This report is a summary of the 2012 season and historical data concerning management of the commercial salmon fisheries of the Northwestern and Northern districts of the North Alaska Peninsula in the Alaska Peninsula Management Area (Area M). Most commercial salmon fishing effort on the North Alaska Peninsula targeted sockeye salmon Oncorhynchus nerka. The 2012 commercial salmon harvest on the North Alaska Peninsula was 1,053 Chinook O. tshawytscha, 764,388 sockeye, 37,399 coho O. kisutch, 1,173 pink O. gorbuscha, and 283,035 chum O. keta salmon. Chinook salmon harvest was the lowest reported harvest on record since 1962, with the majority occurring incidental to the sockeye salmon fishery from the Bear River Section to the Outer Port Heiden Section. The sockeye salmon harvest in the Northern District of 707,015 fish was below the 2003–2012 average harvest of 2,049,017 fish. Of the Northern District harvest, 75% (532,932 fish) were harvested in the sections between Port Moller Bight and Outer Port Heiden. The North Alaska Peninsula chum salmon harvest of 283,035 fish was above the ten-year average of 152,822 chum salmon, with about 66% (187,601 fish) of the harvest occurring in the Northwestern District. The majority of chum salmon harvested in the Northern District were caught in a directed chum salmon fishery in the Black Hills Section, the rest were caught incidentally during sockeye salmon fisheries. Nearly all Northwestern District chum salmon harvest came from directed fisheries.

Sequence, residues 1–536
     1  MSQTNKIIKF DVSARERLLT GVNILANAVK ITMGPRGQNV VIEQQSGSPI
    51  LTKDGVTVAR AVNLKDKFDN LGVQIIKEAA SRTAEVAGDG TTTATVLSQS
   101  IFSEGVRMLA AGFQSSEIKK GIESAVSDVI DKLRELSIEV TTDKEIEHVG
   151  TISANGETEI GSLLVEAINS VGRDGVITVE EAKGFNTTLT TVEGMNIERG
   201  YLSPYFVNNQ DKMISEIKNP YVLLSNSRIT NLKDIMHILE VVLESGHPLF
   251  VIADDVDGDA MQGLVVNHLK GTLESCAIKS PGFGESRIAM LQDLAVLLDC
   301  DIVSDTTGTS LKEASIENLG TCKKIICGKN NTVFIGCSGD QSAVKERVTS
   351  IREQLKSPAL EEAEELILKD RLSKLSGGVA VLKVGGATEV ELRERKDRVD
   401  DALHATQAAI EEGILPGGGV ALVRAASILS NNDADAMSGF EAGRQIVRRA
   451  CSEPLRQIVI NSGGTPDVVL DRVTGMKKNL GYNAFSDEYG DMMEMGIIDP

Total sockeye salmon escapement for North Alaska Peninsula streams was 747,090 fish, below the 2003–2012 average of 1,081,421. Approximately 63% of the sockeye salmon escapement occurred in the Northern District’s four systems in which the escapements are enumerated with weirs (Nelson, Bear, Sandy, and Ilnik rivers).